The Spanish national team receives the gold from the hands of Samarach Agustí Carbonell
Surprisingly, the corner kick was taken by Chapi Ferrer because regulation time was already up, otherwise they would go into overtime and there was a hurry. Kiko tried a Chilean and missed, but the ball reached Luis Enrique, who hit it with his left foot. Capriciously, the ball bounced off a rival and now fell at the feet of Kiko, who controlled and jabbed it before the keeper came out to land it in the net. It was the crowning glory, the ecstasy, the last game of the game – once Poland was taken off center by the referee so indicated – and the Olympic gold medal on August 8, 1992 for a Spanish team that had to overcome many adversities. With everything against it and only football for it, Spain has achieved the unthinkable.
Trouble started three months before the tournament when the Spanish Football Federation called the team captains (Roberto Solozábal, Pitu Abelardo and Luis Enrique) to negotiate the bonus. Not born by the federation themselves because they scrapped the ADO plan and the team had no company to sponsor him in the rest of the sport. “They said we were professionals. But the tennis players, the handball players, the basketball players… they were too,” says Solozábal, who believes they asked for adjusted amounts and targets. A number they rejected because they claimed there was no money, while leaking a sentence from the captain to journalist José María García to cover their backs. “I told them if they didn’t have any money they should sell a building, but that was a joke,” says the captain; “and everywhere sticks fell on me”. So the captains decided to dismantle the federal arguments and refused to charge a premium for playing because everyone wanted to do it for an experience they could never enjoy again. “We said no out of dignity,” said goalkeeper Toni Jiménez, now Pochettino’s assistant. “It is that the relationship with the association was very bad. They didn’t trust us, we didn’t have an official photo until we took one at the hotel, they didn’t give us any facilities…” adds Alfonso Pérez, then a striker. The tension was palpable.
It was for coach Vicente Miera, who knew in advance he would be sacked after the tournament and had to see senior coach Javier Clemente come into the group from time to time. And it was for the players who noticed the lack of support from the federation because after a concentration in Cervera de Pisuerga (Palencia) they were taken to a three-star NH hotel in central Valencia for a month when they asked for it to go to El Saler, where the national team used to live. “We had no space, it wasn’t an open space, we didn’t feel comfortable,” Alfonso recalls. “Every day we had to endure an hour and a half of traffic to go to Paterna to train because we were doing doubles sessions,” adds Solozábal, who soon had another burn. It was the day after the 4-0 win against Colombia when the opening ceremony took place and the federation banned them from attending because they had another game two days later. “Being in Valencia, far from everything, we wanted to experience the parade. If not, what tournament were we in?”, debunks the captain, who held his pulse with the bandages until they put a plane on them, despite the fact that they were stuck 16 hours in the journey because they took the cheapest. “The other day I saw a photo from that day with a full stadium and it gave me goosebumps. There we are. Roberto was at the peak of a great leader,” adds Toni Jiménez. “All these setbacks made us come together, form a great group,” concludes Alfonso.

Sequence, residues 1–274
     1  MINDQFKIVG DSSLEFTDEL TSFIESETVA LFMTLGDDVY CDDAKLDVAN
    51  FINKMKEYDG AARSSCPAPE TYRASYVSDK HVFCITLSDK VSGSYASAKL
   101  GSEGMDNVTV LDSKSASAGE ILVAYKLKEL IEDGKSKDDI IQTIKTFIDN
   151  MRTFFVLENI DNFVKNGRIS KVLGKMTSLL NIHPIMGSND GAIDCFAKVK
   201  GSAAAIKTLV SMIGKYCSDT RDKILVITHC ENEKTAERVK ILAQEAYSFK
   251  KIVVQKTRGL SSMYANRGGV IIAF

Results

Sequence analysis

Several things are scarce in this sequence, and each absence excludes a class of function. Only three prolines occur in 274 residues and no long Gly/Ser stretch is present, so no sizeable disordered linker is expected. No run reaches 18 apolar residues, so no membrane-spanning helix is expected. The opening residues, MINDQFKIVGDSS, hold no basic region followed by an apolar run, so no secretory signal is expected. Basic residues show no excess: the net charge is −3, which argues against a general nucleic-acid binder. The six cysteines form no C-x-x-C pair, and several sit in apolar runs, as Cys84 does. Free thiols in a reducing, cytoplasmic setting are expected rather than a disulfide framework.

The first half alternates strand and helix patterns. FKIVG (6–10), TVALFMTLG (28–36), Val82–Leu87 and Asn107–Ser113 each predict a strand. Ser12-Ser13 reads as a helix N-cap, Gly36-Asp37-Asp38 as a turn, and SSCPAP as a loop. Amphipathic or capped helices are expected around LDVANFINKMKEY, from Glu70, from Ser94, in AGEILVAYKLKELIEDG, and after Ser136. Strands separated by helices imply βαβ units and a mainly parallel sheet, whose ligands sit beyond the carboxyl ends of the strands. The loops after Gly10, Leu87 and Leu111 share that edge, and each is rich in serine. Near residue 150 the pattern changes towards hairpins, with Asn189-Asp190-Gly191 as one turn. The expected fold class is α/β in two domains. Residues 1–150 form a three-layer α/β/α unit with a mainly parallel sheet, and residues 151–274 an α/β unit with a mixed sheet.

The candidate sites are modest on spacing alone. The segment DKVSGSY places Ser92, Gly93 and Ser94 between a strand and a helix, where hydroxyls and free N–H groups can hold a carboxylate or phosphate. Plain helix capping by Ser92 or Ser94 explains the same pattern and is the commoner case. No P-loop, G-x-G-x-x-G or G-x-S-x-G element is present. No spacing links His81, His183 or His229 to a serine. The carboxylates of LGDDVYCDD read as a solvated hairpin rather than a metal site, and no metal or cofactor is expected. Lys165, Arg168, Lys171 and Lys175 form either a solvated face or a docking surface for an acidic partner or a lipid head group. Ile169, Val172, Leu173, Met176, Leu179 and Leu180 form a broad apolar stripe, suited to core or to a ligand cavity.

That and the affable character of the technician who didn’t make big speeches but was an exceptional group leader, ably assisted by the famous Ladislao Kubala. He innovated with the system of three central defenders for the national team and dealt with an aspect that was frowned upon or at least viewed with suspicion at the time; included a psychologist in the expedition, the late Jesús García Barrero. “He entered as one more, without wanting to impose anything on us, since he knew us. He was very smart and beat us all,” admits Solozábal. “He was a phenomenon. He taught us how to deal with emotions, how to imagine what’s going to happen…” says Alfonso. “It was very productive because he not only listened to you but also helped you,” adds Toni Jiménez. And the ball kept going because they also beat Egypt (2-0) and Qatar (2-0) to find themselves in the quarter-finals against Italy (1-0), the first game in which fans went to Mestalla for An nobody believed the possibility of medals until today. “That game, that win with a goal from Kiko, was key,” explain the three; “Because he was a great rival and we realized that we can beat anyone.” They also beat Ghana (2-0) in the semifinals and fought for the gold against Poland, a team made for the moment because it was two years without changes and with the impossibility of leaving the country, because the sponsorship of the employer required patron Boris Korbel. But Spain, the team of Toni, Lasa, Ferrer, Abelardo, Guardiola, Luis Enrique, Solozábal, Manjarín and Co., won 3-2 at the Camp Nou with a goal from Kiko on Summer.
There was no premium from the Federation, but they took a Seat Toledo for the whole group, which they gave to an NGO and also the Champions Book, a pension plan from La Caixa, which they all received when they turned 50. Because despite all the worries, all the disappointments and adversities, Spain has won Olympic gold. And yes, they all attended the closing ceremony because although it didn’t look like it, it was their tournament too.
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